Similarly, Quake, the murky, darker and more sinister experience from the same developers in 1996 features drone-led soundscapes from none other than Trent Reznor, who describes his contributions as “textures and ambiences”. His contributions are reflected in the nailgun weapons that feature in the game, the ammo boxes of which feature the iconic NIN logo. Another 1996 title worth looking at is Duke Nukem 3D, the third and most successful game in the series at the time, which boasted a mix of hip-hop and metal in its soundtrack, with the likes of Coal Chamber, Type O Negative and Megadeth making an appearance for the latter genre.

Heaviness via soundtracks

Entire yarns have been written about many a ‘00s teenager’s metal or punk awakenings via the likes of the Tony Hawk’s Pro Skater series. Its success mirrored the popularity of skateboarding not only as a sport but as a subculture with its own fashion and DIY aesthetic, and perhaps the most prominent aspect of this was the soundtrack, a mix of hip-hop, skate punk and alternative rock. Shades of metal could be found and the games were certainly a gateway for many budding metalheads, but it’s notable that the games never fully embraced metal. In hindsight this was probably a stroke of remarkable foresight, given that nu-metal was at its commercial peak at the time, but it nevertheless raises the question of whether a game ever has truly embraced metal or heavy music at its core.

It could be argued that 1993’s Rock N’ Roll Racing on the Super Nintendo took a concept and ran with it as an early example. The racing romp’s chiptune versions of Black Sabbath’s ‘Paranoid’ and Deep Purple’s ‘Highway Star’ are still recognisable today and it lends a frenetic pace to what still stands up as a 16-bit legend now.

There’s also the likes of Carmageddon (1997), a game infamous for being censored due to its violence, which featured three tracks taken from Fear Factory’s Demanufacture, certainly giving even more of an edge to what was already a distinctly controversial game. The Twisted Metal franchise, in addition to sharing a name with the genre, also included both original heavy songs and, later on, songs from the likes of Rob Zombie and One Minute Silence. 2010’s Splatterhouse, with a soundtrack featuring Mastodon, Lamb Of God, High On Fire, Municipal Waste, Goatwhore and more, surely deserves a mention – though it’s a shame the game itself doesn’t quite live up to the soundtrack.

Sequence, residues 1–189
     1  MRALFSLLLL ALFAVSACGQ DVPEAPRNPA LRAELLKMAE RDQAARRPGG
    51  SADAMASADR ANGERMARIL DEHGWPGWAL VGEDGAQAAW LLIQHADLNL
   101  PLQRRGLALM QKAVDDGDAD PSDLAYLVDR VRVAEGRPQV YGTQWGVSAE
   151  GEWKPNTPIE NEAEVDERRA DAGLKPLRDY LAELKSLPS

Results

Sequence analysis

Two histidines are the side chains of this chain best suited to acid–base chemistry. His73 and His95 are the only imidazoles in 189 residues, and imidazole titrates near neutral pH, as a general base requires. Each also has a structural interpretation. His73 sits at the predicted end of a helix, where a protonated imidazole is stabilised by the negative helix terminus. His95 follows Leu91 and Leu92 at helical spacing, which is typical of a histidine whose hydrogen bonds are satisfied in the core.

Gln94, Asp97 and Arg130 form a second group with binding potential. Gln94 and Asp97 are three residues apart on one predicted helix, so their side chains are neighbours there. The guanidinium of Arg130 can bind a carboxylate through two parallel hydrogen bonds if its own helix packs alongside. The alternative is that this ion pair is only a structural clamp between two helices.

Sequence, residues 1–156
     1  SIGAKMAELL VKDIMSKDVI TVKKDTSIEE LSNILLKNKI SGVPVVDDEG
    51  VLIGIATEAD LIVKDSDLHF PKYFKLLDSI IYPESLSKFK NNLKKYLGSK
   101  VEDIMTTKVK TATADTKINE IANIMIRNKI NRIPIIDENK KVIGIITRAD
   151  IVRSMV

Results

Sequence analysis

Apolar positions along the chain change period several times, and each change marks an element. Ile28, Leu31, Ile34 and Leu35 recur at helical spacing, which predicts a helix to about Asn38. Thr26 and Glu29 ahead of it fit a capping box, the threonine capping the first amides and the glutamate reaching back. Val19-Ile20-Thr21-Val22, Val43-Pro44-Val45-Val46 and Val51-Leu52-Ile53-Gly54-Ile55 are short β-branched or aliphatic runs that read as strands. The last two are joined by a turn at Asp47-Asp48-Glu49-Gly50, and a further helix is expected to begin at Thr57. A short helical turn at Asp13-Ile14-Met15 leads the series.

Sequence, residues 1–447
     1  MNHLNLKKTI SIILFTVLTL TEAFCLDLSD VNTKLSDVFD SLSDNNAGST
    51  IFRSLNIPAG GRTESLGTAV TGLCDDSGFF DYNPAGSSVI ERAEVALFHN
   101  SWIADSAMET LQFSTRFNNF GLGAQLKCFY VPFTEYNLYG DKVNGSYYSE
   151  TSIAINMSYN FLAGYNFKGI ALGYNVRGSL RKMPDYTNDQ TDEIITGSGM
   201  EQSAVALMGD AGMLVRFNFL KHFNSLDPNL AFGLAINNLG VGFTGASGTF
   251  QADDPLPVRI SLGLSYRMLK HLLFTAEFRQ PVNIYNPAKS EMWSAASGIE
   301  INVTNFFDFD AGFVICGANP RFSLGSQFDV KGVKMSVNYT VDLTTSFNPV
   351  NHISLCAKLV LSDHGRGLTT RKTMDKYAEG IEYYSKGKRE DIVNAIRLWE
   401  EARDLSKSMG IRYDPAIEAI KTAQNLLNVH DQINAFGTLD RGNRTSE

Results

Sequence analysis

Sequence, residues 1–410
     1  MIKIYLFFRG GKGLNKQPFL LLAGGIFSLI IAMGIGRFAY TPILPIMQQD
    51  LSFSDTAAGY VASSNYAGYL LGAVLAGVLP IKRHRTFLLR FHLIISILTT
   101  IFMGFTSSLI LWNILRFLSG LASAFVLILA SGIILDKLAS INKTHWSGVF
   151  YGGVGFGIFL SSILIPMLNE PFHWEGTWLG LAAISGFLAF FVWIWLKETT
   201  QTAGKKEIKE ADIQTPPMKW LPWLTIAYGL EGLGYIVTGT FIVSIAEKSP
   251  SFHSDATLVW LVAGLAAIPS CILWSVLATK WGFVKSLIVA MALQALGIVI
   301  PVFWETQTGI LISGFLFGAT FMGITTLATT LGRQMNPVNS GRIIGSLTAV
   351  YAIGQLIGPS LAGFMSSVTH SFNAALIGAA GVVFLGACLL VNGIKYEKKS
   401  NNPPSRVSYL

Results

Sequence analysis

There are countless other franchises that have embraced heavier sounds to soundtrack their franchises without going full metal too, and the pounding dance music of the WipeOut series and the heavier OSTs of the Metal Gear series are merely a couple of examples of games that have taken notes from the darker edges of music.

Heavy metal in games certainly exists, then, but it’s not often been the central component. Until you look at 2010’s Brütal Legend, that is. The game is a love letter to heavy music and the epitome of metal as a game concept, with a light-hearted but passionate look at the genre. The player controls hero Eddie Riggs (voiced perfectly by Jack Black), a roadie who sets out to save a mythical realm that seems to bring classic ‘80s album covers to life. One of the player’s weapons is a flying V that they can use to toast enemies with scorching riffs, just to drive the gimmick home. The game’s impressive voice cast was equally bursting with metal royalty, featuring Lemmy (RIP), Ozzy Osbourne, Rob Halford, Lita Ford and, uh, Tim Curry.